On the last day of the convention CFO Michael Lane agrees to an interview. Lane says that until a few years ago, no one at the company had ever heard of Aaron Fechter. "By his own admission he doesn't know who the guys are. The name he has isn't even correct," Lane says. "So all I can tell you is, I hope he sells a lot of those games. He says he's the inventor of the Whac-A-Mole. He's not the inventor. He even admits someone else was at this convention who had come up with the idea for the game."
Lane, who did not work for the company until nearly a decade after the sale, says the game really originated with two men bringing them a non-working model. Bob's Space Racers got it running and started manufacturing cabinets. Whether Fechter ever had any with those two men, Lane can't say. Bob's Space Racers sold the license to Mattel years ago.
"I don't know how much of what he says is true. I don't know specifically what his conversation was with these guys," he says. "But as far as I'm concerned he defames us in some ways. I don't want to say what we will do and won't do but I don't think that's right. I went by his booth Wednesday and left my card and asked for him to come talk to me. I haven't heard from him."
Lane admits that he's withheld giving Fechter the names on Bob Space Racer's contract for the Whac-A-Mole. But at the end of our interview he slides the document over to me, a deal made in the late 70s with one Donny Anderson of Tennessee and Gerald D. Denton of Texas. "I have no idea what happened to them," Lane says.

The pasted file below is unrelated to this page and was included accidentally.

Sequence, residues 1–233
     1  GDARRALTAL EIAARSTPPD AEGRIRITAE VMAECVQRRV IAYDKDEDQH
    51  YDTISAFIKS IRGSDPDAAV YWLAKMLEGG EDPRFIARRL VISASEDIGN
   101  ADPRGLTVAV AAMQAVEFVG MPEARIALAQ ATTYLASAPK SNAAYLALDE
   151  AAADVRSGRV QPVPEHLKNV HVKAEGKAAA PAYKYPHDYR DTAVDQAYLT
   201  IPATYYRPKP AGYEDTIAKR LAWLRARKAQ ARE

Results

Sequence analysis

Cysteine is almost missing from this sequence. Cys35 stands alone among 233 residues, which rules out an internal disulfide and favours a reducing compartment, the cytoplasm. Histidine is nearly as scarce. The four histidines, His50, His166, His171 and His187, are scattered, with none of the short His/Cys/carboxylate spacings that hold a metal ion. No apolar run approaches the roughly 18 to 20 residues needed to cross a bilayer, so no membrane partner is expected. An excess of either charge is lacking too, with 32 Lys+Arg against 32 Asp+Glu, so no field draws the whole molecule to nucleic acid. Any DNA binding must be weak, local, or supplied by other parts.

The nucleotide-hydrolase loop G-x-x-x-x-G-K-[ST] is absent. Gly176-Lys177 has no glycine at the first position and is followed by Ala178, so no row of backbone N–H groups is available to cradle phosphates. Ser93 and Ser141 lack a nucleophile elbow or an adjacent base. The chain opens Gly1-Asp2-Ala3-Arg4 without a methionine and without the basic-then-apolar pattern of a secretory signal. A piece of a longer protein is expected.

Regardless, Fechter's biggest success was still ahead of him. March 3, 1980, the day the first Showbiz Pizza Place opened its doors in Kansas City.
An Animatronic Star Is Born
The Rock-afire Explosion's story follows the familiar beats of an episode of Behind the Music: Struggle, sudden fame, then the crash. The golden age was 1983, when Fatz Geronimo and his robot pals served as the in-house band at every ShowBiz Pizza. Creative Engineering's annual revenue that year was more than $4 million. Employees kept beach towels in their cars for the days Fechter decided he and his employees would be more productive after an impromptu splash in the Atlantic. Michael Jackson visited company headquarters between tours supporting Thriller.
If you were a kid celebrating a birthday at Showbiz Pizza in the 1980s, here is what you'd find: Center stage is Fatz Geronimo, the silverback gorilla keyboard player whose instrument is wired with a lightshow to flare in time with his chord progressions. Fatz is flanked to the left by Dook LaRue, a man-sized dingo drummer in a space cadet outfit, and to the right by surfing polar bear guitarist Beach Bear, drunken oil drum fowl and vocalist Looney Bird, and gossipy mouse cheerleader Mitzi Mozzarella. The face of the band, country-fried bass playing bear Billy Bob Brockali, gets his own showcase stage to the right, while on the left-hand side is a private showcase for stand-up comic/ventriloquist wolf Rolfe deWolfe and dummy Earl Schemerle.